by Peter Oundjian, Music Director
We often speak about Beethoven’s early, middle and late periods. I can think of no other composer to whom we attach such clear divisions for their compositions. We tend to view this with an assuredness that might mistakenly suggest that Beethoven had preconceived the notion of leaving a legacy divided neatly into three parts. But in truth, his life was split into these chapters by the hands of tragedy and ill fate.
The division of his creative output into these three periods is perhaps most clearly defined in his string quartets.
The five “middle” quartets consist of the three commissioned by Count Andrey Razumovsky in 1806, the “Harp” quartet from 1809 (named for its daring pizzicato that evokes the sound of a harp), and the Quartetto Serioso from 1810.
These are works of greater majesty and significantly heightened drama. Beethoven’s virtuosic demands are now more evenly divided between the players, and the weight and significance of each movement is more balanced. There are no longer light minuets or scherzos providing respites from the intensity of the narrative. Each movement is in its own way a powerful masterpiece.
By this point in Beethoven’s life, at age 40, we know that his ability to hear was severely impaired. The ensuing years saw further deterioration so that, by the final few years of his life, our assumption is that he heard music only in his head.
The late period is viewed more or less as the last 15 years of his life. While his rate of composition slowed down considerably, it is undeniable that his creative imagination was liberated from traditional boundaries. Having written his last five piano sonatas, the massive Missa Solemnis and the gargantuan 9th Symphony, Beethoven was asked by a young Russian Prince, Nikolai Galitzine, to write three string quartets. The year was 1824.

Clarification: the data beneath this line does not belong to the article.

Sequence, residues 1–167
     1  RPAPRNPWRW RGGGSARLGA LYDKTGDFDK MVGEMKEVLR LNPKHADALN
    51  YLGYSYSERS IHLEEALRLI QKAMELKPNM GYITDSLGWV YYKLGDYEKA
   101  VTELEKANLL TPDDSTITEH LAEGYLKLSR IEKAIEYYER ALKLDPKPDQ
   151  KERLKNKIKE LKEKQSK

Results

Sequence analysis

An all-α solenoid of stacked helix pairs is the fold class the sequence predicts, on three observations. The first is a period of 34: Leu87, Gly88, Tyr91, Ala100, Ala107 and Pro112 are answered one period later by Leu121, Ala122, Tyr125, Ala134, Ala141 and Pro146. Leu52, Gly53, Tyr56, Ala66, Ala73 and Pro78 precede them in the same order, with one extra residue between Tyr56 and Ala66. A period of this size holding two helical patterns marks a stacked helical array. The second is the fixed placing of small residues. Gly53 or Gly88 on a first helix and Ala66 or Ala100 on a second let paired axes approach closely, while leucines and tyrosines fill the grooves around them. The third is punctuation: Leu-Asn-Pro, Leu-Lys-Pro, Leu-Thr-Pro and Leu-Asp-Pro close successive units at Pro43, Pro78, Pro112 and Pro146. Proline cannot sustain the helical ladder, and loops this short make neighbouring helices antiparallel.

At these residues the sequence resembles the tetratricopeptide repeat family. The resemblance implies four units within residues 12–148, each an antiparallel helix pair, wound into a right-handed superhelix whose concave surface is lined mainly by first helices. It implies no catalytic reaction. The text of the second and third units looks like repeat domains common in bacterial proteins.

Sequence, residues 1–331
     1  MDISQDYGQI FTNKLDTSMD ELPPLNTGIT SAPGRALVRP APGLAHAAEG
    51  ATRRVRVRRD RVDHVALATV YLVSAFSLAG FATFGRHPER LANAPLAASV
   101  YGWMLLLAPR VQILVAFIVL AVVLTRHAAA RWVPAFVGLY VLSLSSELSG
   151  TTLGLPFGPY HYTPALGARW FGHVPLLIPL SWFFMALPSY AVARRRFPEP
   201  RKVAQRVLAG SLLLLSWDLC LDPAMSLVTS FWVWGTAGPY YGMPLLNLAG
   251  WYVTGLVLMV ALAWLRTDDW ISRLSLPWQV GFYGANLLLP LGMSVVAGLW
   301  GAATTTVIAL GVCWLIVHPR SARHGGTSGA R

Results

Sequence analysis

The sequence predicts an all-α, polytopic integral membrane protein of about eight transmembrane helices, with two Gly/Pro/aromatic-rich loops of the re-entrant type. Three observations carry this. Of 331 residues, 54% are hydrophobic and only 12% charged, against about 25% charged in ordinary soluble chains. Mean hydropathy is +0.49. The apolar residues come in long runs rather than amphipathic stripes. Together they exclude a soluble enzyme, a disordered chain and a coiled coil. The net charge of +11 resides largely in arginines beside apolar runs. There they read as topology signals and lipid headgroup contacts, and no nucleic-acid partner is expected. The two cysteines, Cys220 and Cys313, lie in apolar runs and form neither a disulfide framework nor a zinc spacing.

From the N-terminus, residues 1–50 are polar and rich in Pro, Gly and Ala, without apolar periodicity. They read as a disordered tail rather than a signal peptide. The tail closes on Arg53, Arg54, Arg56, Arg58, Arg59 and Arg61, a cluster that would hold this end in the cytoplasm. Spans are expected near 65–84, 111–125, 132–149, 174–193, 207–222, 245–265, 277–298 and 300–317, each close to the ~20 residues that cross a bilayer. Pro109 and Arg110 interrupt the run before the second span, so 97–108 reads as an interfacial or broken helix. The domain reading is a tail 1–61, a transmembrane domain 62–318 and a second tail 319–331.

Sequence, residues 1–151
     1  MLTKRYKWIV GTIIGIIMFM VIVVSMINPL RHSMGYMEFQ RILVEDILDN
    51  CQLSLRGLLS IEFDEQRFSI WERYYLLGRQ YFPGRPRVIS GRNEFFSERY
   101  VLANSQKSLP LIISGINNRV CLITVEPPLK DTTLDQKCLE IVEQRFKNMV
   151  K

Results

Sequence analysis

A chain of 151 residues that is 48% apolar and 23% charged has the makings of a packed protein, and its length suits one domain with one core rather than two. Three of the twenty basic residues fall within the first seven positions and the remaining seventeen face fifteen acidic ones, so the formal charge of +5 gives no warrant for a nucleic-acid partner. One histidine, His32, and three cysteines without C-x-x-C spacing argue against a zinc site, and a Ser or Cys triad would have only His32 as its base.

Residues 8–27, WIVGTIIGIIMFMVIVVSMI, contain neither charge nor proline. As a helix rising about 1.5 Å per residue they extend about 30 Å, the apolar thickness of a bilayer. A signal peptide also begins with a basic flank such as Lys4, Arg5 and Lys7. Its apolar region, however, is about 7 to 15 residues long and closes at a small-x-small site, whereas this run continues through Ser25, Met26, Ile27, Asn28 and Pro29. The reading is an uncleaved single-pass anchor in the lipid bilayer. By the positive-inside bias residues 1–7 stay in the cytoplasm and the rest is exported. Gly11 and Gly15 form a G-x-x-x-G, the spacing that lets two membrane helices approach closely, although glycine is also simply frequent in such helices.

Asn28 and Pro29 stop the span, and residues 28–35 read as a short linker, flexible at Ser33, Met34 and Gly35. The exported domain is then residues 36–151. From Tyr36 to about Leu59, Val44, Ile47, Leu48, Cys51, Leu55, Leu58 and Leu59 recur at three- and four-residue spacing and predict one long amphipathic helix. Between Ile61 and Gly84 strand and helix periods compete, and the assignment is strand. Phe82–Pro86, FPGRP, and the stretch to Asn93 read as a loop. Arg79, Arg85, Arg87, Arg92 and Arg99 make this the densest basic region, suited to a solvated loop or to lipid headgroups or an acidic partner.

This request stimulated Beethoven in a most remarkable way. Although the prince ended up paying for only one quartet, Beethoven ultimately completed five. These late quartets are among the most profound and revolutionary music ever written, and they represent his final statements to humankind.
The fourth of his final five quartets is Opus 131, which he completed in 1825. As original as the first three quartets were, Opus 131 represents a radical departure from all existing tradition. It conforms to absolutely nothing. The concept of having seven uninterrupted movements had no precedent. That fact alone is remarkable, but in itself is hardly at the core of what is fascinating about the experience of playing or hearing the piece.
The unfolding of the drama in Opus 131 is akin to witnessing a magnificent sculpture or a gripping play. It begins with a statement of the first theme from only one violin, a theme that seems to reach for something hopeful before suddenly crashing down with alarming weight, then resigning itself to its own ill fate of surrender to inevitable tragedy. Each voice then follows suit, and a remarkable fugue unfolds.
As with so many of the greatest musical works, it is the tension, the pull between two alternating worlds that is at the core of the narrative. To experience 131 is to shift between the real world of tragedy and unpredictability, and an opposing vision of spiritual serenity. It gives the listener a sense of two continuously interchanging images: one of the present, and one of the hereafter.